What do you remember about that time when the recession hit and bankruptcy was declared?
Mayor Tubbs: (04:43)
So in '08' when the recession hit, right before the city was booming, so we were building an arena and a ballpark and a promenade where people could park their yachts. I remember in high school say who got yachts in Stockton, I was like, we've got yachts in Stockton...that's cool I guess. And then I remember that, I wrote one of my college essays about it, and it said lowest in literacy and highest in crime. It could be just because we spiked in homicides so we were also ranked the 99th of the hundred Metro areas in terms of literacy rates of our population. And then that fall, I interned in the white house and one of my cousins ended up being victim of a homicide in Stockton. And then I remember the next year the conversation being around bankruptcy, laying off cops, we can't pay for this, we can't pay for that. I remember it almost came out of nowhere, but also remember particularly I was running for city council and talking to people. They would say things like bankruptcy, we've been bankrupt.
Mayor Tubbs: (05:43)
No, I realize that for a lot of folks in neighborhoods, they were saying there is almost a moral bankruptcy that allowed for decisions to get to the point now where we have to declare municipal bankruptcy and that we just allow young men of color to die with impunity without an outcry, that we allow neighborhoods to be disinvested in. And that's kind of what rooted our campaign for city council, is really this idea like bankruptcy is a symptom. We're declaring a fiscal bankruptcy as a symptom of a deeper moral and community bankruptcy and how do we come together to address it.
It's a little surprising, that having been exposed to Stanford and all the opportunities that came with that, that you decided to come back to Stockton. Tell me about that and how your mom felt about it and what kind of decision making that took?
Mayor Tubbs: (06:27)
Yeah. Well actually growing up, because of the neighborhoods I described and some of the poverty, the narrative was always to be successful meant you left Stockton. So it was deeply ingrained, that folks who stayed in Stockton cause they had no choice. Some of the narrative was that maybe they weren't smart, maybe they weren't talented, Stockton was a dead end. So I positioned myself to always have strong Stockton pride and to be proud of where I'm from, and to just shout it from the mountains tops, "I'm from Stockton," but I never thought I'd live in Stockton in adulthood. And that was the plan though, especially when I got into Stanford, and my mom said, "Oh yes, hallelujah," all the sacrifices we made, the double shifts and things that are worth it. Um, cause I, did go to a school like Stanford and have an opportunity open and then there was also a sense of like duty or calling, in that there's no way a lot of things have happened for me are so improbable. There's no way, it was just for me to be comfortable or just for me to be individually successful. I remember sharing that with my mom, and she was like, "Oh no, you've done enough. You've started summer programs while in school. You could come back and visit, you could do motivational speeches here." But she said something. She said, "if anyone else had the opportunities you had, they wouldn't come back." And I was like, "that may be true mom, but that may also be part of the problem." She rolled her eyes and said, "man, your supposed to go make some money." But then once you figured out I was serious and my mind was made up, she was on the campaign knocking on doors, posting signs.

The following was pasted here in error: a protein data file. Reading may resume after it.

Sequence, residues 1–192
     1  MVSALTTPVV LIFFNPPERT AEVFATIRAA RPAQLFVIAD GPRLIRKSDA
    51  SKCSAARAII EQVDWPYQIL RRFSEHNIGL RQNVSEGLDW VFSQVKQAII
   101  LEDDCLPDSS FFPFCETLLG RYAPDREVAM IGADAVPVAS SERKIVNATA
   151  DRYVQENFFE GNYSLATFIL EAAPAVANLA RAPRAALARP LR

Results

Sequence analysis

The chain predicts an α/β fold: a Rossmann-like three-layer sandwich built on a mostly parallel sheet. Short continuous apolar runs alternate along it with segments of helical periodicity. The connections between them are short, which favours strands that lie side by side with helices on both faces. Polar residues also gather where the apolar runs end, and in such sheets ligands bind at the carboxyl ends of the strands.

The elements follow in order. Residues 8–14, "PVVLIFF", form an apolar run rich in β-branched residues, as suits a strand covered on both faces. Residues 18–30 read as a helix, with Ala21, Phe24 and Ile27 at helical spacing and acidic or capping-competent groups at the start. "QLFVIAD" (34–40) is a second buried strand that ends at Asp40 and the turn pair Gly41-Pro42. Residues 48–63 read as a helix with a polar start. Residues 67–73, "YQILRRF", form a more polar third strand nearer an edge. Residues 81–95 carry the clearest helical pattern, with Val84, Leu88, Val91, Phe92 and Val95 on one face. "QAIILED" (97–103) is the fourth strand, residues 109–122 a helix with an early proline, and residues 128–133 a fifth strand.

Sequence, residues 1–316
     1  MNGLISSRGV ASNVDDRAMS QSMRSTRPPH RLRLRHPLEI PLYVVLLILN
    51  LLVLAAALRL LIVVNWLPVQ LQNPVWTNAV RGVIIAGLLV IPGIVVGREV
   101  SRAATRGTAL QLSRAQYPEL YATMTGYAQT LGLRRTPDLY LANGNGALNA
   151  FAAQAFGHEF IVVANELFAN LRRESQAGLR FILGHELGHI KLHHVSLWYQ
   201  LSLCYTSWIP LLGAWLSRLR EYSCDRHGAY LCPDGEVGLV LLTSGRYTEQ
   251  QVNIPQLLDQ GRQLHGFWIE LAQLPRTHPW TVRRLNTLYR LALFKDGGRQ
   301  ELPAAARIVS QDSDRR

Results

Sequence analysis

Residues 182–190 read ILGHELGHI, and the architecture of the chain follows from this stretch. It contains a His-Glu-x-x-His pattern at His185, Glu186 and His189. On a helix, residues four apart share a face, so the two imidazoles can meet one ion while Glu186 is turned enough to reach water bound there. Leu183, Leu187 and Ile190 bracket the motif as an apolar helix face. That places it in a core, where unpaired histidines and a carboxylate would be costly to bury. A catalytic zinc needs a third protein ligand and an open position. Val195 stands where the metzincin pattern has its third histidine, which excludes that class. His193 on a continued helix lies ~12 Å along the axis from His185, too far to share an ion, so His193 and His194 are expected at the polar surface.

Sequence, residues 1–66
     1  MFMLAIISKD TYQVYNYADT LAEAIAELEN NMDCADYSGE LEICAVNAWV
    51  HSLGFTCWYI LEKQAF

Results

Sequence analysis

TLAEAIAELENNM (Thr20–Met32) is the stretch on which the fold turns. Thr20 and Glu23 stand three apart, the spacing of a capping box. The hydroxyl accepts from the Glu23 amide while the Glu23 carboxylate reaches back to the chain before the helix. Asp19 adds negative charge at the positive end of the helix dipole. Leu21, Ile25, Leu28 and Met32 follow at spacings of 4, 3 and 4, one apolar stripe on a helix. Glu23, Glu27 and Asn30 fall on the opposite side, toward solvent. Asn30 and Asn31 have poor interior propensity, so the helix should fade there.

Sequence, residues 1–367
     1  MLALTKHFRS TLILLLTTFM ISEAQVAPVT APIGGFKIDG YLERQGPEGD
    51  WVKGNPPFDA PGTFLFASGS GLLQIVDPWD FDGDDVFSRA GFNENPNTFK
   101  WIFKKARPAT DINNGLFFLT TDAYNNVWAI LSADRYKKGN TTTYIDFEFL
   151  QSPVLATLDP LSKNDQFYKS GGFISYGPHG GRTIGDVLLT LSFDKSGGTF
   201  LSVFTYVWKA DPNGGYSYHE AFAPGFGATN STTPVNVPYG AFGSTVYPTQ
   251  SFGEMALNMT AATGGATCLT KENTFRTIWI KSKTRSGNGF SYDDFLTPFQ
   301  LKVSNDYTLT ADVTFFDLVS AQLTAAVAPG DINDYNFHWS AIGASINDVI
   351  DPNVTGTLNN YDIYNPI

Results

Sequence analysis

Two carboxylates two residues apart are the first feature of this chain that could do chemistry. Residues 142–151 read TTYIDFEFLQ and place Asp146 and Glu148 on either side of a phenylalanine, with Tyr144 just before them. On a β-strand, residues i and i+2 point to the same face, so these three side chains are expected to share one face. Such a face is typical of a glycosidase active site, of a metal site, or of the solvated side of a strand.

(news clip): (07:56)
"Well out with the incumbent and in with the future, Michael Tubbs wins the Stockton's mayoral race in a landslide and the 26-year-old becomes one of the youngest mayors in the country.
Tell me what it felt like when you actually won the election? Being the first Black mayor of this city, and coming into it at a time when it was still emerging from bankruptcy.
Mayor Tubbs: (08:15)
It felt like the city had really turned a page and a corner, because the city is only 10 percent African American, which means there was a multiethnic coalition that elected me but also vindicated, I think the work we did as a council member. So I remember being super excited and some people tried to be sad because it was also the day of the presidential election. I looked at everyone, I said, look, today I'm happy. We worked hard for this, like for once Stockton is leading and showing what can happen in a place of hope. I think my wife posted tonight we celebrated, tomorrow we mourn...on her Facebook. We understand that nationally, but thankfully in this case, due to federalism at the local level, there's a lot of timing controls, so we've been able to protect our immigrants and we've been able to really invest in the poorest folks in our community versus the richest folks. So I felt just super excited, but also just knew it was a big job. It's a lot of work to do. Something like, okay, how are we going to get some things done?